suspected COVID-19. For postmortem activities, use autopsy suites or other similar isolation facilities when
performing aerosol-generating procedures on the bodies of people who are known to have, or suspected of
having, COVID-19 at the time of their death. See
• Use special precautions associated with Biosafety Level 3 when handling specimens from known or suspected
COVID-19 patients. See
• Develop and implement policies that reduce exposure, such as cohorting (i.e., grouping) COVID-19 patients
when single rooms are not available.
• Post signs requesting patients and family members to immediately report symptoms of respiratory illness on
arrival at the healthcare facility and use disposable face masks.
• Consider offering enhanced medical monitoring of workers during COVID-19 outbreaks.
• See also, for guidance on
healthcare personnel with potential exposure to COVID-19.
• Provide all workers with job-specific education and training on preventing transmission of COVID-19, including
initial and routine/refresher training.
• Ensure that psychological and behavioral support is available to address employee stress.
Manage Sick Personnel
• Promptly identify and separate sick personnel (See Screening Personnel for Signs and Symptoms of Illness)
• Instruct personnel to notify their supervisor immediately if symptoms develop at work.
• Instruct personnel to stay at home if symptoms develop at home, and to notify their supervisor if someone in
their household becomes sick.
• Institute flexible sick leave policies and emergency sick pay, if feasible.
• Refer symptomatic employees to the local health department or their healthcare provider for possible testing.
• Implement return to work practices based on current guidelines.
Communicate with Local Public Health Authorities
State Epidemiologists:
Local Health Departments:
Plan for Shelter-in-Place Orders
Many states have issued stay at home or more restrictive shelter in place orders for individuals, and have allowed only
essential businesses to remain open. The definition of “essential business” varies from state to state but most agree
that the following types of businesses are essential for everyday lives:
• Supermarkets and grocery stores
• Big-box stores
• Pharmacies
• Convenience stores and discount stores
• Garbage collection
• Healthcare operations
• Daycare centers
• Hardware stores
• Gas stations and auto-repair shops
• Banks
Recording Workplace Exposures to COVID-19
OSHA recordkeeping requirements at 29 CFR Part 1904 mandate covered employers record certain work-related injuries and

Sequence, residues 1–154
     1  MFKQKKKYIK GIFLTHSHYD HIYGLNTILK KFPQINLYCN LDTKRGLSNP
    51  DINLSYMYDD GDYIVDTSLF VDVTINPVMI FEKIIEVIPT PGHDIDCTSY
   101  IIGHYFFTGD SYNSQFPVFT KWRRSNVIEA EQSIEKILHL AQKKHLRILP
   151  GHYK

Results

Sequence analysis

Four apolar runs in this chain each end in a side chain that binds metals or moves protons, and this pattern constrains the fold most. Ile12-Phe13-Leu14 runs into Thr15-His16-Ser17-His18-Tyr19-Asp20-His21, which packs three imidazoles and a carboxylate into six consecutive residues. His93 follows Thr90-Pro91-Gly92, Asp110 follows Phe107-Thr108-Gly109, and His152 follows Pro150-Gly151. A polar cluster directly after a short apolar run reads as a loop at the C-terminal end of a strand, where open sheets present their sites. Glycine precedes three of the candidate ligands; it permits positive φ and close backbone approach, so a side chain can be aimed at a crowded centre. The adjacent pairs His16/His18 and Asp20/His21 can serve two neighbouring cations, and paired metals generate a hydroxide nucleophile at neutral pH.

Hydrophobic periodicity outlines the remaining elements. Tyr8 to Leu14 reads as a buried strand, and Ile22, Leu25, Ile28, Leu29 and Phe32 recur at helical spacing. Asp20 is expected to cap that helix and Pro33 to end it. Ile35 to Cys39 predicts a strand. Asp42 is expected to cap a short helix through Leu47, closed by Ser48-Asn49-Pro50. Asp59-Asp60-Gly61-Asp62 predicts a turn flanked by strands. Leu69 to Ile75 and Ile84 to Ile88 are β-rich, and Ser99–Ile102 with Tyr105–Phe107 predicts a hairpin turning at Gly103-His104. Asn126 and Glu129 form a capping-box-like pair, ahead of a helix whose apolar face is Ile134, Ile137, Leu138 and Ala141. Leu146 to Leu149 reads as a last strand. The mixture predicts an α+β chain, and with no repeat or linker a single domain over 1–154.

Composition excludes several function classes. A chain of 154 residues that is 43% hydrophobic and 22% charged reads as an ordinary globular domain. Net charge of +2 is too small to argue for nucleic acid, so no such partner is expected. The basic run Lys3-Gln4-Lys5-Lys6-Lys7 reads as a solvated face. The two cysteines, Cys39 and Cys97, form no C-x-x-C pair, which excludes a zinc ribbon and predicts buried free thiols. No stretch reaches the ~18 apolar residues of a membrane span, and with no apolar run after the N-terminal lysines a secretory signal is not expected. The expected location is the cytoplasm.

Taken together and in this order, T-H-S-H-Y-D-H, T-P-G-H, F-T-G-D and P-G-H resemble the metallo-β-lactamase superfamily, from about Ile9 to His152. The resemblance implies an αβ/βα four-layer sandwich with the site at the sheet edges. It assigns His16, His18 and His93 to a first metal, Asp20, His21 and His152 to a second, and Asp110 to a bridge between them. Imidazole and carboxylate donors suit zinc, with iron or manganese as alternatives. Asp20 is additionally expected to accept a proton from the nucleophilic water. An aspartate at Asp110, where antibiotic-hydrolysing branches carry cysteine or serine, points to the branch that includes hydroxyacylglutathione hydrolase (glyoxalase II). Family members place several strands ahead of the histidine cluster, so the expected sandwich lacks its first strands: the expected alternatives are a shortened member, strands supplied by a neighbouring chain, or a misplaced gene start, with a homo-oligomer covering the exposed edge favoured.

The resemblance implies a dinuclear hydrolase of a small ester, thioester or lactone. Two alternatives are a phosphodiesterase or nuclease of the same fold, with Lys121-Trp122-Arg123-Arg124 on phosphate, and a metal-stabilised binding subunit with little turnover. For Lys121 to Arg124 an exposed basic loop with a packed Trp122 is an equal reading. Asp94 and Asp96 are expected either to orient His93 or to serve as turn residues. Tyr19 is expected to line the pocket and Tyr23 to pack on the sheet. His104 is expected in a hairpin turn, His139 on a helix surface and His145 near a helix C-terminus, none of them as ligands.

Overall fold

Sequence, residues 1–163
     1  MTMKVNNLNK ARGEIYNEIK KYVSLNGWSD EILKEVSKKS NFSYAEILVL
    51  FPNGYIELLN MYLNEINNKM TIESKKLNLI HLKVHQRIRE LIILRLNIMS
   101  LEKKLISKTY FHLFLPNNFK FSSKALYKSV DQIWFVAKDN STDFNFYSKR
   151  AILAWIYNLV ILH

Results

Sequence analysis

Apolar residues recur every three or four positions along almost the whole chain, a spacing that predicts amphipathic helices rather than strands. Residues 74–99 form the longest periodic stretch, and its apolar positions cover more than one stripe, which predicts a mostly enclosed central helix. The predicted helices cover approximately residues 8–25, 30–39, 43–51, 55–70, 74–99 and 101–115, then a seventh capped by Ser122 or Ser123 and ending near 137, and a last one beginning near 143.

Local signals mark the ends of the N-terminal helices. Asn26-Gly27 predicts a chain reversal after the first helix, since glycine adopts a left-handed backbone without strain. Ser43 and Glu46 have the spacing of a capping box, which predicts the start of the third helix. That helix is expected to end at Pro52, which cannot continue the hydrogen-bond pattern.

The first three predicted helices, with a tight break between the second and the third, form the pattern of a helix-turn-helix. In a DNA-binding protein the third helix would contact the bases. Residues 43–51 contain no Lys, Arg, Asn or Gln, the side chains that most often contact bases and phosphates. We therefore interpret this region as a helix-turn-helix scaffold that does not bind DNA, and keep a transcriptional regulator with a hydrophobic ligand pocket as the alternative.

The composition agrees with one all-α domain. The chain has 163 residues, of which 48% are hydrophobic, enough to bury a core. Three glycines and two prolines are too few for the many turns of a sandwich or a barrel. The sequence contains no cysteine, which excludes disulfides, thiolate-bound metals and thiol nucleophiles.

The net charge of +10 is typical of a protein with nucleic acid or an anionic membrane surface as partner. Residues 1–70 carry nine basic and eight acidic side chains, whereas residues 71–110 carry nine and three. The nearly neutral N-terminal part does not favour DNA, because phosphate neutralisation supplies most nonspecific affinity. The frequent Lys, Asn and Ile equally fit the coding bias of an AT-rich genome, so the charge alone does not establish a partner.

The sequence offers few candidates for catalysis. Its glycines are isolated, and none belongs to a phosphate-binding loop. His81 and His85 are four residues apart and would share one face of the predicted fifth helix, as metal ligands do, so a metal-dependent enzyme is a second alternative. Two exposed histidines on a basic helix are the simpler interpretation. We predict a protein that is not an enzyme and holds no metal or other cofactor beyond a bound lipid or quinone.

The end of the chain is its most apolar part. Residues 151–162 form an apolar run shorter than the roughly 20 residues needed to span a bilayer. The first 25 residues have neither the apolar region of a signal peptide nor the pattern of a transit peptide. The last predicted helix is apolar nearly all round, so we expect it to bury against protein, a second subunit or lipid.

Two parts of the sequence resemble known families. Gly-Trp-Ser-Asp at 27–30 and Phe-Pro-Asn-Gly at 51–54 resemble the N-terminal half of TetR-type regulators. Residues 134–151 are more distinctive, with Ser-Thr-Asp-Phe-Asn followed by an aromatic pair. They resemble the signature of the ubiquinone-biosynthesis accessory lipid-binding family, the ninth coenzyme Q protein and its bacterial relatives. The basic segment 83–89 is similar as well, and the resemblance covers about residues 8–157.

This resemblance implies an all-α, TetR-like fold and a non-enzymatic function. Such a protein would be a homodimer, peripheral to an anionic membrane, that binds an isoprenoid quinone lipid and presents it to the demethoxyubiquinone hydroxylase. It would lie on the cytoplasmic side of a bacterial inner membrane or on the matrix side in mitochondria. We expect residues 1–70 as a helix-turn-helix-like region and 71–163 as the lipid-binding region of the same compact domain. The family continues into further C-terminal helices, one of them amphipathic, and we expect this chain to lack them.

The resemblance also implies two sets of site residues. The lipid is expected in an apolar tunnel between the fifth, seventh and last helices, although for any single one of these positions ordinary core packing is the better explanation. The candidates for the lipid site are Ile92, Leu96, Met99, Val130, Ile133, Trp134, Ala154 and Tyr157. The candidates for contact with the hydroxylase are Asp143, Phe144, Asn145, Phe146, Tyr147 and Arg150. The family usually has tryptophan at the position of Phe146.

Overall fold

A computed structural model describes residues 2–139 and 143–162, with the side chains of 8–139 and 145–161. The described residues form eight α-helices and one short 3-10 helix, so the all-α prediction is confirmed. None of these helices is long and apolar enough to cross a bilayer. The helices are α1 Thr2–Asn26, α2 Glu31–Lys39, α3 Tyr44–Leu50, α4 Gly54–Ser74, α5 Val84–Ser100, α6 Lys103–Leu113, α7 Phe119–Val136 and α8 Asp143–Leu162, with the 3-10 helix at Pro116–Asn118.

illnesses on their OSHA 300 log (
COVID-19 can be a recordable illness if a worker is infected as a result of performing their work-related duties. However, employers
are only responsible for recording cases of COVID-19 if all of the following are met:
• The case is a confirmed case of COVID-19 (see CDC information on persons under investigation and presumptive positive
and laboratory-confirmed cases of COVID-19);
• The case is work-related, as defined by; and
• The case involves one or more of the general recording criteria set forth in
• Post offices and shipping businesses
• Veterinary clinics and pet stores
• Farmers’ markets and food banks
• Businesses that provide necessities to shelters and economically disadvantaged people
• Educational institutions, for the purposes of facilitating distance learning
• Agriculture and food processing
• Warehousing, storage, and distribution
• Transportation, including airlines, taxis, ride share programs, and vehicle rentals
• Businesses that allow essential businesses to operate
Employees associated with critical infrastructure, including utilities, law enforcement, transportation, public works,
public health, food and agriculture are also exempt from mandatory shelter-in-place orders.
Establish a Continuity of Operations Plan (COOP)
Pandemics and widespread infectious disease outbreaks demand continuity of operations planning considerations
specific to infectious disease outbreaks particularly as it relates to the impact on personnel. In general, a COOP
provides detail and guidance so that organizations continue to perform essential services during a disruption of
normal operations. It should include provisions for:
• Maintaining essential functions of the operation
• Establishing delegations of authority and orders of succession
• Managing communications
• Supporting information systems and network capacity
• Ensuring essential records access and management
Organizations are encouraged to consider the utilizing a Continuity of Operations Plan Template (see FEMA Continuity
Plan [non-federal] Template at: to assist with medium-to long
range planning during emergencies.
Activate the Incident Command System
Organizations that have an Emergency Response Plan based on the National Incident Management System (NIMS)
will have an Incident Command System in place and should activate it when indicated by the local situation. The local
or regional emergency management office will provide guidance and serve as a network for further information and
resource sharing.
Further Resources
Current Situation
For current coronavirus disease (COVID-19) cases in the US see:
For global case numbers reported by the World Health Organization, see:
For a current CDC Situation summary, see:
To contact a state health department for a testing sites:
See CDC Evaluating and Testing Persons for Coronavirus Disease 2019 (COVID-19) at:
Government and Public Health Resources
Centers for Disease Control and Prevention Coronavirus Disease 2019:
Centers for Disease Control and Prevention – Implementation of Mitigation Strategies for Communities with Local
COVID-19 Transmission:
Centers for Medicare and Medicaid Services: Coronavirus Emergency Updates:
Federal Emergency Management Agency Continuity Resource Toolkit:
Federal Government Coronavirus COVID-19:
State and Local Health Department Directory:
Occupational Safety and Health Administration
World Health Organization Coronavirus Disease Outbreak:
See EPA List N: Disinfectants for Use against SARS-CoV-2: